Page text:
The price of netbooks just continues to go further and further down. Each year they offer better parts and lower price tags. The new HP Mini 110 definitely carries on this pattern. It resembles HP’s Mini 1000, but has many improvements and a much lower price point.
On the surface, the HP Mini 110 looks almost identical to the Mini 1000 and the Mini 1000 Mi. It features a glossy black top embellished with chic gray swirls. As you examine the netbook closer though, you are able to distinguish a few external differences. The HP Mini 110 is thicker than its predecessors, measuring more than one inch thick. This added thickness, to make room for the larger feature set and new battery set up, barely adds any extra weight to the netbook though. It manages to weigh in at a very reasonable 2.6 pounds.
The 10.1-inch widescreen is now LED-backlit and comes with 1,204 x 576 resolution. It features speakers that have been built below the screen into the frame in order to keep them hidden behind the hinge. Other important aspects to consider include the Mini’s 92 percent keyboard and mouse buttons. It also has a VGA port, an Ethernet port, a multi card reader, a headphone jack, three USB ports, and a built-in webcam. The Mini has upgraded with a 160GB, 5,400-rpm spinning drive, with the option to upgrade for something even more powerful.
Another interesting fact is that the Mini now includes a third-party software application called Syncables. Syncables allows you to connect different machines on your local network and effortlessly share photos, documents, video, and music. You can even sync e-mail accounts from Windows, Mac, and Linux systems.
HP has definitely made some huge improvements with the Mini 110. It now includes a faster hard drive and a variety of new features. No its not the Dell Inspiron Mini 12 or the Acer Aspire One, but for the reasonable starting price of $329.00 it seems like a pretty good deal to me.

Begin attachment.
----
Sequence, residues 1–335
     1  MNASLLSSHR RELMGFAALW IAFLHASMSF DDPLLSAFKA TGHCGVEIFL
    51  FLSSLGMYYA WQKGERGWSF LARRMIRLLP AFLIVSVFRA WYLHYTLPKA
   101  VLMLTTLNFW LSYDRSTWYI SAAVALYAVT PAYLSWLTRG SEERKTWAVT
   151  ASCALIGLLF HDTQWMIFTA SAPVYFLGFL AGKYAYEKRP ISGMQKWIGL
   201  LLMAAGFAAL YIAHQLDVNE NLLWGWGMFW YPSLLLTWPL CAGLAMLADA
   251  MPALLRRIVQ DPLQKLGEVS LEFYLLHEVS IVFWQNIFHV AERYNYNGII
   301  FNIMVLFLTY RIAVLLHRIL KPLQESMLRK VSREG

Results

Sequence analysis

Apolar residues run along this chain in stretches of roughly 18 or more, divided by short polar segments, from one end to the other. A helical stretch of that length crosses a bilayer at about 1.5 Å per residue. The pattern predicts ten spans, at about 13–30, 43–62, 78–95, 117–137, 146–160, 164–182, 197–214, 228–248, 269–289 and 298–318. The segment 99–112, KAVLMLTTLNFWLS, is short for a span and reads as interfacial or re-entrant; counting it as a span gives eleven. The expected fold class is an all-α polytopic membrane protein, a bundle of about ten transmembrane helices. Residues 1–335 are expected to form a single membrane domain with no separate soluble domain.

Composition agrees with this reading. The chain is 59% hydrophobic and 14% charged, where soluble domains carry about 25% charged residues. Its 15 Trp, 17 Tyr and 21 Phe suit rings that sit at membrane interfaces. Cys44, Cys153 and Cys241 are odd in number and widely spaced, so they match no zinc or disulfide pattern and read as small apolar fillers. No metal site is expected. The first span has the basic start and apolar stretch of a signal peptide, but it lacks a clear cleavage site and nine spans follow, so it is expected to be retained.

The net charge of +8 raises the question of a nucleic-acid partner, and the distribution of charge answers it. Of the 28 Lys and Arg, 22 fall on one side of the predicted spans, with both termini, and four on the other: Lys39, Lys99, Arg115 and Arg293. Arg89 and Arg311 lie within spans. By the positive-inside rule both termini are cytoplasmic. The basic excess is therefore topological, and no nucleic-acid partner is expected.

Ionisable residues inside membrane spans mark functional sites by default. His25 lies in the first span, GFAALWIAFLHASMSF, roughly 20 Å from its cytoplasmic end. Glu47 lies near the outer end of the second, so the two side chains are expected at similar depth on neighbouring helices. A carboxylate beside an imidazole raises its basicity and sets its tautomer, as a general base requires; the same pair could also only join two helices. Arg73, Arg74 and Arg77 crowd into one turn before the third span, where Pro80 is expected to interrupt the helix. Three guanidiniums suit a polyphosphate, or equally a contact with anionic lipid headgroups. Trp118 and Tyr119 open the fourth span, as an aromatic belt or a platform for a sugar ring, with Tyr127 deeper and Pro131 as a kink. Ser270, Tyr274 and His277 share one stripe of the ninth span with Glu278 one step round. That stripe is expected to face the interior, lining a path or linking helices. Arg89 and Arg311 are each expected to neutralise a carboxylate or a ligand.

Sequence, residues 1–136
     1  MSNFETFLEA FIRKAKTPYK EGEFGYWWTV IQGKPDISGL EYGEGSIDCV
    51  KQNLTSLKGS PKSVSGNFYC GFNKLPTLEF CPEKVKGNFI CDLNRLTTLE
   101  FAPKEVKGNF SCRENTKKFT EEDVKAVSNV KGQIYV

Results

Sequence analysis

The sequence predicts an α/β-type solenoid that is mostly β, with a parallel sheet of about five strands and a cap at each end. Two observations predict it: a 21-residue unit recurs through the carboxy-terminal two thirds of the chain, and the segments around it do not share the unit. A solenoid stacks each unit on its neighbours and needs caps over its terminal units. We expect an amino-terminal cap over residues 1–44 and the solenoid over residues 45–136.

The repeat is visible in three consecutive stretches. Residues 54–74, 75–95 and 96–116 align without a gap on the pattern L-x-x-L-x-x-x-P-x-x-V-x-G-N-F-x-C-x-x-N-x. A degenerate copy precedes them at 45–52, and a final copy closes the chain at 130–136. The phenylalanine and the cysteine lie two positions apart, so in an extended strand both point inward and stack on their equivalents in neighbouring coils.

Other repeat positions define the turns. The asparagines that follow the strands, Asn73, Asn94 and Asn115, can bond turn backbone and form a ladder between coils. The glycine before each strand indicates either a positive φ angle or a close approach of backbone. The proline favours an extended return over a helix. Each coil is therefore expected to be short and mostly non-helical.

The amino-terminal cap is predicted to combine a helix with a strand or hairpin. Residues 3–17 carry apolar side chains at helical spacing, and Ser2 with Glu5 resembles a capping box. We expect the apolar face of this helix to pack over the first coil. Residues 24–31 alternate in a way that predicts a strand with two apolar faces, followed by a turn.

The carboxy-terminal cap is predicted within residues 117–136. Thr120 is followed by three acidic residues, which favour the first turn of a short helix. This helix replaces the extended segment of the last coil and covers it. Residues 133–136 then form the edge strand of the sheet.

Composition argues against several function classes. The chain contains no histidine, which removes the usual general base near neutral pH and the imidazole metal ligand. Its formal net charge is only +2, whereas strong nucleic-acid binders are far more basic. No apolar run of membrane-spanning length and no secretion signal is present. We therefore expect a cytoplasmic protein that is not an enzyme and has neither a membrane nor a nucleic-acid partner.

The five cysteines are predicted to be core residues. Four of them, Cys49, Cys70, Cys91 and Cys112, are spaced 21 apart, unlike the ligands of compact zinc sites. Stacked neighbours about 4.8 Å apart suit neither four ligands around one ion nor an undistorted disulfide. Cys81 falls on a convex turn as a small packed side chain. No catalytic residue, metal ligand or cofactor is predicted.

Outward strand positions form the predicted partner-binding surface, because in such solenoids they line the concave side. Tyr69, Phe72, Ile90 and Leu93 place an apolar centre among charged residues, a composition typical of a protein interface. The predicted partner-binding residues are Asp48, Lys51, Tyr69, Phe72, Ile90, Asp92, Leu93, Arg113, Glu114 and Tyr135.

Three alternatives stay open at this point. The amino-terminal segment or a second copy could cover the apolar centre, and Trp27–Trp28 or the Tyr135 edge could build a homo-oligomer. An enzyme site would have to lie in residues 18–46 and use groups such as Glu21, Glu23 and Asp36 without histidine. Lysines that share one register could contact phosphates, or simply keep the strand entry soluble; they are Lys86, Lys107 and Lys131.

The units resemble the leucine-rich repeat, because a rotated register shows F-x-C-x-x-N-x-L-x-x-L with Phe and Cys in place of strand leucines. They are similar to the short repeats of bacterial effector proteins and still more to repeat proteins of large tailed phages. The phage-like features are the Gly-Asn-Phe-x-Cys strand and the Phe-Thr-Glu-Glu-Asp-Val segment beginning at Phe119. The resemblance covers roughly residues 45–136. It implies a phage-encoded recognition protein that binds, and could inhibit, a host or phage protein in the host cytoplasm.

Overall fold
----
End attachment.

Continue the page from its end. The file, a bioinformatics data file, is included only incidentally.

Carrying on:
Why did HP cose to make it thicker, when other are making them thinner? I guess, thinner is better.
Be aware that the hinges and battery clip shatter with normal use. The first Mini 110 lasted 2 days then the battery clip shattered for no apparent reason other than the lid was closed. The Retailer replaced it — they'd experienced the same problem on display model. The second one lasted 82 days then when it was opened the right hinge shattered with such force it chipped the rear case. Then, the left hinge shattered when the lid was closed. Now, the only thing connecting the base to the lid are the wires that run thru the shattered hinges! Most disappointing, after waiting over 1 hour on HP Tech Support, the Hardware Support Tech told me it's not covered by the warranty — without even seeing it. She told me I could pony up $290 and they'd fix it! For a machine that's retailing for $303! Unbelieveable. And, this is the machine HP is hanging it's hat on for "putting the personal back in computing." Yeah, it's personal alright but it ain't "computing" your getting. Your getting taken.